How Does Couchsurfing Work + Our Best and Worst Couchsurfing Experiences

Two backpackers have just traveled 18 hours by train after camping for 3 days in the desert and they are heading towards your home. They most likely have been wearing the same clothes for multiple days, inevitably sweaty and smelly. Who knows what junk they are carrying with them, backpackers have a reputation as vagabonds.

This traveling couple reached out a few days ago asking if they can stay in your home for a few nights, for free. You’ve never met them, have no friends in common, and can only make your decision to accept or reject based on reviews given to them by random people who possibly don’t even exist!

Do you trust these dirty, stinky, backpacking strangers to stay in your home, with all your valuables, family, and invading your personal space? And let’s say you are crazy enough to say yes…why do you do it?

IMG_1513Desert sleeping in Jaisalmer, India

There is a tiny amount of exceptional people all over the world who are willing to open their homes to complete strangers! No second intentions or ulterior motives; they are known as Couchsurfing hosts, and the ones we met were remarkable people.

Couchsurfing is this incredible community that connects travelers all over the world. While on the surface it may seem like just a free way to crash for the night, at the core, it’s truly a platform to form a connection between travelers and locals everywhere they go.

IMG_5435With Pieri, our unofficial Couchsurfing host in Nuremberg

On our trip, we were the strangers. We were the smelly travelers who ‘surfed’ (lived) with 19 of these wonderful people; in almost every country we visited.

Surfing is not “staying” because staying implies that your host just gives you a bed. Surfing is about immersing yourself in the life of your host, or at least as much as he or she allows. It may sound cliche, but this is what brings about a different type of magic to the whole experience of traveling. It is what provides glimpses into worlds that are highly different in many ways and similar in others.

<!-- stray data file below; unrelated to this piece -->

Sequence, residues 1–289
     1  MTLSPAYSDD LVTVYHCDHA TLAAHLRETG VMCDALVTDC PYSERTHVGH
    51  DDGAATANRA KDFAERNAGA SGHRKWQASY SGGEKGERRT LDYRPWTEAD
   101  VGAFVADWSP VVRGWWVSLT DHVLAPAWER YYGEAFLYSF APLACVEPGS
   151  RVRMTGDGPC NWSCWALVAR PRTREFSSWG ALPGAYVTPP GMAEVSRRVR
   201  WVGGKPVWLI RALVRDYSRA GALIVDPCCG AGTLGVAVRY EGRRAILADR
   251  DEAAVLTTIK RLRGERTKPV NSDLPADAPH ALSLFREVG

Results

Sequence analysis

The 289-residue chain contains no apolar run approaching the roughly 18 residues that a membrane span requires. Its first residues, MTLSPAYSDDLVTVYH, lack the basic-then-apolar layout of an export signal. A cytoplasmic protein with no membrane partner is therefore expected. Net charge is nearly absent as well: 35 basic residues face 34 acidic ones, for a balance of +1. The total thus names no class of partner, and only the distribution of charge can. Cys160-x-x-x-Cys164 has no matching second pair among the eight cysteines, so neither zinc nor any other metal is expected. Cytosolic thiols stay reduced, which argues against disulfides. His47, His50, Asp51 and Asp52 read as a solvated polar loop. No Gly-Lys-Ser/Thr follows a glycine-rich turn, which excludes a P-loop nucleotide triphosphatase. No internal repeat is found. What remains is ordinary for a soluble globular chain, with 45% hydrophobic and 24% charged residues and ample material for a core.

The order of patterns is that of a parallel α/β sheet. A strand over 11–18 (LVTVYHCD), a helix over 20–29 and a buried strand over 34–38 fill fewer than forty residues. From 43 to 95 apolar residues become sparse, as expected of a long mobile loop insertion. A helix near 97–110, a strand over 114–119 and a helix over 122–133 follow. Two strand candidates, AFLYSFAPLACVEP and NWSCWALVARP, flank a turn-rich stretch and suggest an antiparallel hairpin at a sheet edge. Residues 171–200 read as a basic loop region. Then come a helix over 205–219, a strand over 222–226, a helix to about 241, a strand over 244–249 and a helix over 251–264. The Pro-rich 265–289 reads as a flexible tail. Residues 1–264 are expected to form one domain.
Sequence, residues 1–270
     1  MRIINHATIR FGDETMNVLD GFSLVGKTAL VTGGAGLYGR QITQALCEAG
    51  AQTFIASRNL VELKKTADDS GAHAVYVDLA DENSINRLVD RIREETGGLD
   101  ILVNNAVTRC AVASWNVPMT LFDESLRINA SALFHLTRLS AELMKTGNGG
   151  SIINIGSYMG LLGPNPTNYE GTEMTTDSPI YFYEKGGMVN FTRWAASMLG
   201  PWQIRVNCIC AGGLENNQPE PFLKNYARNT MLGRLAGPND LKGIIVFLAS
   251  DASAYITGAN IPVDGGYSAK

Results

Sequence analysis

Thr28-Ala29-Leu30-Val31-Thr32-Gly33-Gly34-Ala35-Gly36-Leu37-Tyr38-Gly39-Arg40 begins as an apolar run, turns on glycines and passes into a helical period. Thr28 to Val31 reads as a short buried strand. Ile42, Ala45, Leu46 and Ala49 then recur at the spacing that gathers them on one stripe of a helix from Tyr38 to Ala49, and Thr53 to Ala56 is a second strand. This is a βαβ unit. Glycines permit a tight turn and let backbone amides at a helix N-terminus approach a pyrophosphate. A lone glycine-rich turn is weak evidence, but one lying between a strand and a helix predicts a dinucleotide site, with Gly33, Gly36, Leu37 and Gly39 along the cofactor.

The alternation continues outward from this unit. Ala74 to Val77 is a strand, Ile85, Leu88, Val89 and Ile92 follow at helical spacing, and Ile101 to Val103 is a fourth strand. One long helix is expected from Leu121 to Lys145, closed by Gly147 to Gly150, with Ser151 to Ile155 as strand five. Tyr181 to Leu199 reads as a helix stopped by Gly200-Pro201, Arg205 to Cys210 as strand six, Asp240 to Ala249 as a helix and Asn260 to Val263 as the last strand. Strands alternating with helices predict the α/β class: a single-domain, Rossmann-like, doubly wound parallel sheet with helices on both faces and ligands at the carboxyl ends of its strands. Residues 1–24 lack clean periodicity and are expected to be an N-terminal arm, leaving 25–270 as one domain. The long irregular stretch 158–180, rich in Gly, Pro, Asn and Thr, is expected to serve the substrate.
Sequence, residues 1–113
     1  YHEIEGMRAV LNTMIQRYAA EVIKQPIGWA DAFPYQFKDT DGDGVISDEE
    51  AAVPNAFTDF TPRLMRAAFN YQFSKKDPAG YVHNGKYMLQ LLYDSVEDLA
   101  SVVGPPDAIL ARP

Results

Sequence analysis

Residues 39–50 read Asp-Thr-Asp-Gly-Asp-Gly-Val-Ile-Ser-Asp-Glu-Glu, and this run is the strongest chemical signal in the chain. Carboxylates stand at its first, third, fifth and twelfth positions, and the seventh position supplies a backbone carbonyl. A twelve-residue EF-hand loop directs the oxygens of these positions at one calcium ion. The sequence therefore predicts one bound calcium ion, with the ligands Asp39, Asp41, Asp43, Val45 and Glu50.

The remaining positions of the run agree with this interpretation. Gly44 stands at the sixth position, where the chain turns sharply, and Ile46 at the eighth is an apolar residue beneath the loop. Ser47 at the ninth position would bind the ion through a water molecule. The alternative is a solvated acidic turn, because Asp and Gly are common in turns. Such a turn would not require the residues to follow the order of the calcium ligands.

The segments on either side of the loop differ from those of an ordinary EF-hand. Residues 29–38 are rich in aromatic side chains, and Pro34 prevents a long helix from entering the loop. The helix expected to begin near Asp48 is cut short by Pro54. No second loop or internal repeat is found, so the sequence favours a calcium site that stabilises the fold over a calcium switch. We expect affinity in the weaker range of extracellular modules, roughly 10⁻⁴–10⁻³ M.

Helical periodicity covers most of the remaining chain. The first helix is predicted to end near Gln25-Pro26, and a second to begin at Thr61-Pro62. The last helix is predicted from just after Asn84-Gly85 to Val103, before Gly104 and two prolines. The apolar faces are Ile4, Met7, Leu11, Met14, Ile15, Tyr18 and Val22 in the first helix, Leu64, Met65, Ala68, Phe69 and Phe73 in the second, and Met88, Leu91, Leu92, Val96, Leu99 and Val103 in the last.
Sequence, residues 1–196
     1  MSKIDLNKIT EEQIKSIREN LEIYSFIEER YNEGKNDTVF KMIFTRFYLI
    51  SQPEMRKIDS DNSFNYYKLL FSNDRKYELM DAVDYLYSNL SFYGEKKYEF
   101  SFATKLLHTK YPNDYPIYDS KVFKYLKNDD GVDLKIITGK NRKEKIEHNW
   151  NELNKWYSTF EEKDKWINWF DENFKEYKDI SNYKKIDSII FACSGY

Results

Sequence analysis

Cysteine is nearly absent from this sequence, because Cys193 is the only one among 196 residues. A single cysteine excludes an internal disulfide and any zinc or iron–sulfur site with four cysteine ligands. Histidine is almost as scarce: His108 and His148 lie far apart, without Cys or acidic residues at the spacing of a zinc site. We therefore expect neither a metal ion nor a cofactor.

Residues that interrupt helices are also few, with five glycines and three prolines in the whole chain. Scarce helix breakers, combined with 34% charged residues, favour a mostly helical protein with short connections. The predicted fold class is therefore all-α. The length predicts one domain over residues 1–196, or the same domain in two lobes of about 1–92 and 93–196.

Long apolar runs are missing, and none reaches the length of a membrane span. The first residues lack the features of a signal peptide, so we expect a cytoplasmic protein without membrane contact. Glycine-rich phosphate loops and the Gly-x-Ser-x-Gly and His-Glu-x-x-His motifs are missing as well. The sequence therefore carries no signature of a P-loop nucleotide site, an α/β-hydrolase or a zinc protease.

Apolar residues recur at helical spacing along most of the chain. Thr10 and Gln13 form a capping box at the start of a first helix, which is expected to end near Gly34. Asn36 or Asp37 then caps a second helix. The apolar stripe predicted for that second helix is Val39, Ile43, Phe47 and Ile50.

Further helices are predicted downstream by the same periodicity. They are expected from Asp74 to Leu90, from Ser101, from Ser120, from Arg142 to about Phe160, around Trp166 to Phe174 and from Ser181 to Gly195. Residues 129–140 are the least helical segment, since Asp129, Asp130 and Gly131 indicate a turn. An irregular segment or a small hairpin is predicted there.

How does Couchsurfing work?

First, you create a profile. It is important to put some thought into your Couchsurfing profile because it’s the only thing your potential host has to learn about you when considering accepting you. It is not required that you host someone in exchange of being hosted but it is what keeps the community thriving. Do not sign up for Couchsurfing if you are just looking for a free place to sleep, you will not find anyone to host you.

Couchsurfing does not have to mean hosting someone at your place either. You use the platform to meet locals for happy hour, a tour of their favorite spots in a city, or just get tips from a local. Many people use it to make new friends in their own cities.

IMG_1230Saad, our host in Mumbai, is a fanatical rock climber like Andres and made sure to take us climbing outside the busy city

Why do people host Couchsurfers?

I think people open up their homes because they like to be connected to the traveler energy, even if they are not themselves in a position to travel. No second intentions or ulterior motives, simply because they are curious, a little crazy, and incredibly kind. We had people host us because they wanted to practice English, have political discussions, hear our travel stories, or because they thought we were from Hollywood, CA instead of FL!

Andres and his roommates once hosted a Couchsurfer back when they were in college, and the girl was strange, to say the least, to the point that it got uncomfortable. I can’t promise every Couchsurfing opportunity will be great, but that’s part of the thrill that only travel can give you!

I have never hosted anyone but that will change once we are back in our apartment. We can’t wait to pay it forward to all the travelers that opened up their homes to us.

IMG_0799The English students we got to meet through our Couchsurfing host, Noushad

Do you pay for Couchsurfing?

Couchsurfing is completely free. There are never expectations of money and if you feel you are being wronged, the person should be reported.

Because this is an exchange, there are different ways you can show gratitude to your host! Many times we would cook them a delicious meal as a thank you. Hosts are used to receiving these types of gifts but never expect them. If you are more creative you can leave something artsy, a book, or whatever comes to mind! Again not required, just nice to say thank you in your own way.

Is Couchsurfing safe? Would I Couchsurf alone as a woman?